A court, however, disagreed. In its ruling, the judge found that CUMMA does not require the glass company to waive the drug testing requirements, and found that Cotto failed to show that he could perform the “essential functions” of the job he seeks to perform.

‘Remains illegal under federal law’

The court also cited the Schedule One status of marijuana in its ruling by stating, “[n]o state law could completely legalize marijuana for medical purposes because the drug remains illegal under federal law even for medical users.”

It added:

“[a]lthough no court has expressly ruled on this question, New Jersey courts have generally found employment drug testing to be unobjectionable in the context of private employment….And as we have seen, nothing in CUMMA or LAD disturbs this regime.”

Cite: Cotto v. Ardagh Glass Packing, CV-18-1037 (D.N.J. August 10, 2018).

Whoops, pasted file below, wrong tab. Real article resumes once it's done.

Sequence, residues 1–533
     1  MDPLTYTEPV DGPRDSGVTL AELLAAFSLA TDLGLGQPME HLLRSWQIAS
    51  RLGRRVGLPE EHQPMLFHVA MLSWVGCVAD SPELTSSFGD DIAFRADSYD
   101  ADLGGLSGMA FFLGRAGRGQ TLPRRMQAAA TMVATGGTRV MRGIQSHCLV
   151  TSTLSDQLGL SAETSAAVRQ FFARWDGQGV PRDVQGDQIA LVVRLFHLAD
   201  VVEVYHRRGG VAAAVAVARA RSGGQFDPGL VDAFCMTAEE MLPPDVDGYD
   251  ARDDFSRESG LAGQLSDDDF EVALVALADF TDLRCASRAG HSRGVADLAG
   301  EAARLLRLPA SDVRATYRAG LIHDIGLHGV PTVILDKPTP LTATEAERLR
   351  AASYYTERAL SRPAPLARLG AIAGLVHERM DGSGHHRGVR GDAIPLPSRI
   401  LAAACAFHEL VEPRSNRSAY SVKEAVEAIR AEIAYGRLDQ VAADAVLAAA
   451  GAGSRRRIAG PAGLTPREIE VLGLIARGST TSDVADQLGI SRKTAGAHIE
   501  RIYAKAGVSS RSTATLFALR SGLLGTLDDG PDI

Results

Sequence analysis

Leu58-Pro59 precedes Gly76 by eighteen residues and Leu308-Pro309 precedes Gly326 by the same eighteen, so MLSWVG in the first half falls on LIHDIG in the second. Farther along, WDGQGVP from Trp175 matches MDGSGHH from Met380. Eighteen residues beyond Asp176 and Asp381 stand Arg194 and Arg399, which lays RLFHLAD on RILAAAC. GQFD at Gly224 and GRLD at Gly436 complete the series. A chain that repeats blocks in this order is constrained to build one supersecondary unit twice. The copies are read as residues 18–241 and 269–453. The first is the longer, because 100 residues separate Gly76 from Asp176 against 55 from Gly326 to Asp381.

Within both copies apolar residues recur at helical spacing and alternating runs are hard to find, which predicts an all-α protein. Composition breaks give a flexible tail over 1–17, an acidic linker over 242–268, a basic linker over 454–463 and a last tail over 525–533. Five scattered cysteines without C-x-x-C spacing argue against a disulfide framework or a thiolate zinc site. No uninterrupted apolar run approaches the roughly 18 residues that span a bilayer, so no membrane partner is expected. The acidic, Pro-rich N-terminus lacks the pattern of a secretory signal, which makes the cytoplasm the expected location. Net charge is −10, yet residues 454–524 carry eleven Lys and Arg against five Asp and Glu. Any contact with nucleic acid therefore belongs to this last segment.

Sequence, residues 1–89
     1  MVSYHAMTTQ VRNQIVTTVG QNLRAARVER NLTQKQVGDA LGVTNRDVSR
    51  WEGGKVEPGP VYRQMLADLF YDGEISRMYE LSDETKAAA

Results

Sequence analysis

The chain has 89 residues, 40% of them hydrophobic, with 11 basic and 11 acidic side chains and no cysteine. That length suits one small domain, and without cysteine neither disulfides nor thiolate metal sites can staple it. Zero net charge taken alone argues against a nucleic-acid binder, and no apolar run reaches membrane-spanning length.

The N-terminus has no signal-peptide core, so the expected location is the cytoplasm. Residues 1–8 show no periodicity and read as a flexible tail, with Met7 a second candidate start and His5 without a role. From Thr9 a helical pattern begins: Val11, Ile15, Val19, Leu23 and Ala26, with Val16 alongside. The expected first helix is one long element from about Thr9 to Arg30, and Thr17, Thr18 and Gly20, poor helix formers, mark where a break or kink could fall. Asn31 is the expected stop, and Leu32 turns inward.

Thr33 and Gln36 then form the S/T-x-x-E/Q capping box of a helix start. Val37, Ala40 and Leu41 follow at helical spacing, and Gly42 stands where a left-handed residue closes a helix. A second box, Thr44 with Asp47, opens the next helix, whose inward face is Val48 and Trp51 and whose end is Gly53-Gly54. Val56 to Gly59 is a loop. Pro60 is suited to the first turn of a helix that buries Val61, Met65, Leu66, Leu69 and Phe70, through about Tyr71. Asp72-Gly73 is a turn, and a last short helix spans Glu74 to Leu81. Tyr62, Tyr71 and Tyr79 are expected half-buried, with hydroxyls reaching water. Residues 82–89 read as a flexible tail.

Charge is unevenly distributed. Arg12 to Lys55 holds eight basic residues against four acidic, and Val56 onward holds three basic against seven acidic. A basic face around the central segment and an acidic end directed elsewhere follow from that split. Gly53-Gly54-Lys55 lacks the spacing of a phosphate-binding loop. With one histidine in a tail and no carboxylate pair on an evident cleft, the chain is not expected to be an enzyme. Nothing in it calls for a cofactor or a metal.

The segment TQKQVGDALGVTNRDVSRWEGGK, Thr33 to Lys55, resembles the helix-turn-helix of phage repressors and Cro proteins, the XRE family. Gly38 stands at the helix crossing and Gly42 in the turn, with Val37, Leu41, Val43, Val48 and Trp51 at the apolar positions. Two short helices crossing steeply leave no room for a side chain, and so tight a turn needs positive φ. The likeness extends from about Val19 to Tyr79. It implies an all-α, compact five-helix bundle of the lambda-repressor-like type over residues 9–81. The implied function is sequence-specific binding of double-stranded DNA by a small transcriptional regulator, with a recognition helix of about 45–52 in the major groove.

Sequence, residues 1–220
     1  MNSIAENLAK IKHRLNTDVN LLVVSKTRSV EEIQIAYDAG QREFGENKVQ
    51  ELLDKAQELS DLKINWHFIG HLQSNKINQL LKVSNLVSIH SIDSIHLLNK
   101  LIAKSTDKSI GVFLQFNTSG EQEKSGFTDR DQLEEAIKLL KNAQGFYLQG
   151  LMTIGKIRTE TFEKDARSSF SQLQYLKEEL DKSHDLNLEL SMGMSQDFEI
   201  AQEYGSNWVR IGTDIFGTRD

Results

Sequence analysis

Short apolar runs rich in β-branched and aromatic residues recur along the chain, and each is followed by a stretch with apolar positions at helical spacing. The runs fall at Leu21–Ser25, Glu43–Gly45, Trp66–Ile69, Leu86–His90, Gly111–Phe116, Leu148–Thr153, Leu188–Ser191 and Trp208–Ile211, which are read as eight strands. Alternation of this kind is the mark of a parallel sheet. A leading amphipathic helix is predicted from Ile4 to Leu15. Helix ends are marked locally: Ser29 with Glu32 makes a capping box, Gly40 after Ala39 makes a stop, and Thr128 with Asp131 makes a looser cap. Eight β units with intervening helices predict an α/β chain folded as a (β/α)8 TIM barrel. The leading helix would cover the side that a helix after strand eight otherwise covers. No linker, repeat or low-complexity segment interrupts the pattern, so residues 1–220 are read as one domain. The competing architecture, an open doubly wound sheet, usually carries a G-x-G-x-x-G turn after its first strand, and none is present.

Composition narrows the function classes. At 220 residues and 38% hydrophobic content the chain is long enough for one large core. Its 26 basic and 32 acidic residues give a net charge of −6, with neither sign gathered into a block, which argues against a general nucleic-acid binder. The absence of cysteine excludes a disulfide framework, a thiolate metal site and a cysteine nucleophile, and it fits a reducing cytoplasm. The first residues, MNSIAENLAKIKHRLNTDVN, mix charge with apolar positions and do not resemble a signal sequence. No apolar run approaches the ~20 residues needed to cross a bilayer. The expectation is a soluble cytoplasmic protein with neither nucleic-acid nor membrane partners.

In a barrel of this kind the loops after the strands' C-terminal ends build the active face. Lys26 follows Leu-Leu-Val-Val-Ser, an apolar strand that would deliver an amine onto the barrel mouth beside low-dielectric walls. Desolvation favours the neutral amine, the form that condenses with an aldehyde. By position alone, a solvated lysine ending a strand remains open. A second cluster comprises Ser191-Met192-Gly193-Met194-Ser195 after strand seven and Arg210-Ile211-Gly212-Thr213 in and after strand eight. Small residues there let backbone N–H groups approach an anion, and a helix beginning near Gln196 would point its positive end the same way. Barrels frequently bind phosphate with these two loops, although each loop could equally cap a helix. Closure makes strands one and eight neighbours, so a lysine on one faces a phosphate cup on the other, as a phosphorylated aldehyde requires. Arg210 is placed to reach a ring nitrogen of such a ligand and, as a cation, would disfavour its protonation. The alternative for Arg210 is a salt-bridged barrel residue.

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How letting an employee drink juice on the job could’ve saved this company $700K

ADA, EEOC, diabetes

Most employers would be happy to deal with an accommodation request that was as simple as keeping a bottle of juice nearby. 

But one company refused to bend its rules about eating or drinking on the job, resulting in a costly legal battle and payout.

No juice allowed

Linda Atkins, a type II diabetic, was a cashier at a Tennessee Dollar General. Because of her condition, when Atkins’ blood sugar got too low, she’d have to quickly consume sugar in order to prevent passing out or seizing.

When Atkins asked her manager if she could keep orange juice with her for emergencies, he denied her request due to company policy forbidding food or drink at the registers.